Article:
You are encouraged to share and discuss whatever came up for you in the readings. You are also welcome to share your reflections and insights prompted by the comments of others. Here are a few questions that may help to start the discussion, but please don’t feel bound by them.

  1. “(I)t has been the interruptions to my everyday life that have most revealed to me the divine mystery of which I am a part.” (p. 15) Henri goes on to say that these interruptions “invited me to look in a new way at my identify before God.” (p. 16)
    Have there been interruptions in your life that have “presented themselves as opportunities” (p. 16) for your personal and spiritual growth? What was your response and the outcome?
  2. “It had been a very busy week, filled with many little things, none of them terribly important, but still taking up every hour of my time and leaving me quite tired, even somewhat irritated. There never seemed to be the space to come into direct contact with my own inner source.” (p. 24)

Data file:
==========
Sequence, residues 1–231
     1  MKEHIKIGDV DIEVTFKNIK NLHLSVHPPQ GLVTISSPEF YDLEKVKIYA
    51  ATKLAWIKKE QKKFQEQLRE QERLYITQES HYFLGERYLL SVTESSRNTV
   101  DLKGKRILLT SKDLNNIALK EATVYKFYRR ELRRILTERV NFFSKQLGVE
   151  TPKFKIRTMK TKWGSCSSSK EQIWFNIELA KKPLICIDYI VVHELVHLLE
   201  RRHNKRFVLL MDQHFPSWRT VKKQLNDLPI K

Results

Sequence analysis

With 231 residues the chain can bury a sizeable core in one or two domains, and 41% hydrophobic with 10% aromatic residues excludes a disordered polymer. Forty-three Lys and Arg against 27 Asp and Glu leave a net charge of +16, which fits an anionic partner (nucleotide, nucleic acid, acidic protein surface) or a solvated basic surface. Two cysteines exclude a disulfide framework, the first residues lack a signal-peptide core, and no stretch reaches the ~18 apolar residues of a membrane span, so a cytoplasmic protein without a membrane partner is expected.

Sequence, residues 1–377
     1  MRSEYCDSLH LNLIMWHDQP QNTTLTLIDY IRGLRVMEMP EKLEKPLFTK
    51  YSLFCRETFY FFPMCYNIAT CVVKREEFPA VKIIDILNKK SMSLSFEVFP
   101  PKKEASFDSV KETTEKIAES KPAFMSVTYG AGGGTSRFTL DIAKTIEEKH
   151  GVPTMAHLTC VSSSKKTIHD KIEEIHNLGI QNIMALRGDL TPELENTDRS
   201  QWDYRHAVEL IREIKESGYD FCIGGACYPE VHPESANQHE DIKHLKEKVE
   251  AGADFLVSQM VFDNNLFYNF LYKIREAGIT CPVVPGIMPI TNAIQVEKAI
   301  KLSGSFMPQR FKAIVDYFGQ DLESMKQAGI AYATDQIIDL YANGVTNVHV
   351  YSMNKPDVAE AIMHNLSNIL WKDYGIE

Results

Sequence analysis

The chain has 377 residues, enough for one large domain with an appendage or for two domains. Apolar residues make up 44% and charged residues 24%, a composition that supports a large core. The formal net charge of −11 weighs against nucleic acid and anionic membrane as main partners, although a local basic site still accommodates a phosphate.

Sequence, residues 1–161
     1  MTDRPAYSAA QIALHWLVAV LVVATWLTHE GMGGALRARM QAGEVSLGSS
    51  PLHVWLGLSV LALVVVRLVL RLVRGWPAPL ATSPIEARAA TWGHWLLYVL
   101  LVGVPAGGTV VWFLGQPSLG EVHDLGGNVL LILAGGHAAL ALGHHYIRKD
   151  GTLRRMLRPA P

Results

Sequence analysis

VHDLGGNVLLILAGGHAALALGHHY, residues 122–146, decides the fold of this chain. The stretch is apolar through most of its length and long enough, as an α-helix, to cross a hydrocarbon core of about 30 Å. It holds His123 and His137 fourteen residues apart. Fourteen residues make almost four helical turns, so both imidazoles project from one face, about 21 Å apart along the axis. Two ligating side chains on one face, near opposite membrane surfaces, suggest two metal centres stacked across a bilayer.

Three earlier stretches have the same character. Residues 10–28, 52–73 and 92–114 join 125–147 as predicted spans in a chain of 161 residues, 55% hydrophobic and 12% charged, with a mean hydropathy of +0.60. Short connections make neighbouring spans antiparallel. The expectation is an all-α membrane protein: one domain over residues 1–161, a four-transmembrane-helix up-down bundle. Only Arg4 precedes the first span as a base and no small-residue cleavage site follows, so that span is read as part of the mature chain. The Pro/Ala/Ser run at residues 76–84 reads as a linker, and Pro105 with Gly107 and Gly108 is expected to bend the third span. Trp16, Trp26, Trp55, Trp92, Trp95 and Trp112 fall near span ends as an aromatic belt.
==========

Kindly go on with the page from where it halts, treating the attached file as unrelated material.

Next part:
How does Henri’s experience compare with your own? What do you do when facing similar circumstances? What steps do you take to come in contact with your “inner source.”
  3. “I felt as if some strong hand had stopped me and forced me into some kind of necessary surrender (p. 31). . . I realized that the mirror of the passing van had forced me to look at myself in a radically new way.” (p. 38)
    Have you had a similar experience in your life? If so, please share to the extent you are comfortable.
  4. “I had become truly ‘passive.’ . . . . I expected this new situation to be extremely frustrating. But the opposite occurred. . . . I had a completely unexpected sense of security.” (p. 39) Why do you think Henri responded in this way? How would you respond?

We have a rich week of discussion ahead. The thoughts and insights you share are the heartbeat of every Henri Nouwen book discussion. We look forward to hearing from you.

Peace and all good,